The final guidance published in the Federal Register specifies that inulin and inulin-type fractals, including chicory root fiber; high-amylose starch (resistant starch 2); polydextrose; mixed plant cell wall fibers, including sugar cane fiber and apple fiber; arabinoxylan; alginate; galactooligosaccharide; and resistant maltodextrin/dextrin are now recognized by the F.D.A. as fiber. The announcement followed various petitions, many with like-­ingredient suppliers joining together to request the addition of beneficial non-digestible fibers to the F.D.A.’s initial definition of fiber, which was issued on May 27, 2016.

Even with the new ruling, there remains a void because the term prebiotic is not federally regulated nor in the queue to be. Further, specific prebiotic health benefit claims require strong clinical substantiation to gain approvals from regulatory authorities.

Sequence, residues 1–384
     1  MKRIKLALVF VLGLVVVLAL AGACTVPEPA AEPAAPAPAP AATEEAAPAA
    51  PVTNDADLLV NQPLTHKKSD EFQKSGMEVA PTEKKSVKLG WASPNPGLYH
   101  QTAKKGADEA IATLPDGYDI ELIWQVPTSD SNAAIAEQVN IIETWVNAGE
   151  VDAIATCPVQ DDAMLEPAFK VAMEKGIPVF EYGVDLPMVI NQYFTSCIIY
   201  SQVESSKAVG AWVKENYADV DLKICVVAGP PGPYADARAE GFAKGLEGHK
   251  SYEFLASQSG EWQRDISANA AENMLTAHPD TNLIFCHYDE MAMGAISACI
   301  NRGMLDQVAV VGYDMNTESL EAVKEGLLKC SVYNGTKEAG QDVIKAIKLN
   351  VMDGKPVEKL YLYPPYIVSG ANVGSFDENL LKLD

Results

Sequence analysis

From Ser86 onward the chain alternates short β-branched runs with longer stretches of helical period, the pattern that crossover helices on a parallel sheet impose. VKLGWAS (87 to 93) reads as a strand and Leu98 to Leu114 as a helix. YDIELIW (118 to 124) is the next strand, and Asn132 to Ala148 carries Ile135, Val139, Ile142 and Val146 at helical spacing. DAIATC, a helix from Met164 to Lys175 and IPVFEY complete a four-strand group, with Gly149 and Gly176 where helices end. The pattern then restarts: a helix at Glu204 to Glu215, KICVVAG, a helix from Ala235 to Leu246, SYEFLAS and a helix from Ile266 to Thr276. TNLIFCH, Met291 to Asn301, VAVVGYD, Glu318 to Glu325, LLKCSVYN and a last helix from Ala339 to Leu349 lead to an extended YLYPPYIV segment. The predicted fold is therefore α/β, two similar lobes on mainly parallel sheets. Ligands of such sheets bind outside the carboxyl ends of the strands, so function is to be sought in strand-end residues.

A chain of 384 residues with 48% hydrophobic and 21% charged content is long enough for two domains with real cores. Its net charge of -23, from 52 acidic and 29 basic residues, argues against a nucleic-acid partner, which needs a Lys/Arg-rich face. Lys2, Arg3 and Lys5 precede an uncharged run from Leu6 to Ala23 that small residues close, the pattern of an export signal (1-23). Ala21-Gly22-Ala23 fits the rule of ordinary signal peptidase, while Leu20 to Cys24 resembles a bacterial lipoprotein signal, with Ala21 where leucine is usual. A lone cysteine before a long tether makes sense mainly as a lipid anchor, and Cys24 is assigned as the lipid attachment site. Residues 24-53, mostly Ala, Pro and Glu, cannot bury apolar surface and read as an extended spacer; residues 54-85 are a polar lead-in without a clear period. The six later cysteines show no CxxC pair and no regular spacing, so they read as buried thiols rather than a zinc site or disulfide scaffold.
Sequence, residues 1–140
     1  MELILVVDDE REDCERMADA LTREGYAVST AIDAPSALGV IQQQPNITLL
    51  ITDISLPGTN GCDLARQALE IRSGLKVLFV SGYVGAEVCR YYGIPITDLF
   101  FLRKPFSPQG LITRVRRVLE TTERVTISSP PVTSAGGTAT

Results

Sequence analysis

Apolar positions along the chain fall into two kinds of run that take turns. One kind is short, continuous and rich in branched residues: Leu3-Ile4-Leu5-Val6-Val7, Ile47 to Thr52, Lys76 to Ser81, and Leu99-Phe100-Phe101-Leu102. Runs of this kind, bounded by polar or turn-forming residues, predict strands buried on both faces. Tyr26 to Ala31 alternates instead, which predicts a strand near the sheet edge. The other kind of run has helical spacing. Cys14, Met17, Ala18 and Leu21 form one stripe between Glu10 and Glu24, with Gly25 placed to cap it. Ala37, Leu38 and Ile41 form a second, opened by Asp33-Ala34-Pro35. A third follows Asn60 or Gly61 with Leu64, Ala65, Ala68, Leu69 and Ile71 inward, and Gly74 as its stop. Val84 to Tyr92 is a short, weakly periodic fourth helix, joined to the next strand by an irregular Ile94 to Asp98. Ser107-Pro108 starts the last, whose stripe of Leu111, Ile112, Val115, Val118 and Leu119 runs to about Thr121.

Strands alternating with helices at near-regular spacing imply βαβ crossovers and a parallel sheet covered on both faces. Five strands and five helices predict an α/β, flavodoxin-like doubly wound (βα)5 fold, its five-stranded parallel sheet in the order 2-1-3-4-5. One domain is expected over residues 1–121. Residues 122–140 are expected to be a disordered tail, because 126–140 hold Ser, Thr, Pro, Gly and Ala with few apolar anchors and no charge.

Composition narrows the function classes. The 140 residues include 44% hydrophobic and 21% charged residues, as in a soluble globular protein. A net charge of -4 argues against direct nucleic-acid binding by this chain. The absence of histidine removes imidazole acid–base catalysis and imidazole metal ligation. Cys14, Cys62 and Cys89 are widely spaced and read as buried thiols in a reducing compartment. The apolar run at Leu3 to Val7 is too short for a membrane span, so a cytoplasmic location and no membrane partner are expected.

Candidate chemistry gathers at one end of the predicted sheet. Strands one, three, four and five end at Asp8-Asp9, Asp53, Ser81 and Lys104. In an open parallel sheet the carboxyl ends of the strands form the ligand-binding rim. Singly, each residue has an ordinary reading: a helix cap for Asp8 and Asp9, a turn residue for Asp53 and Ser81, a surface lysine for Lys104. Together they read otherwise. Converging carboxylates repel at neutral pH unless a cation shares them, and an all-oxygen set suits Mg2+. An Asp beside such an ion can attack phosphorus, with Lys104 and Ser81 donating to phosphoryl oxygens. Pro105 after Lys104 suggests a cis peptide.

“Prebiotic content claims remain relatively unregulated with manufacturers free to claim prebiotic based on existing scientific opinion because there is no definition in the legislation,” Mr. Bond said. “However, the specific claims around health outcomes potentially associated with prebiotics are heavily regulated, and, as such, claims language is rather limited to digestion, digestive health and regularity, which are also associated with fibers, and hence the perceived lack of differentiation.”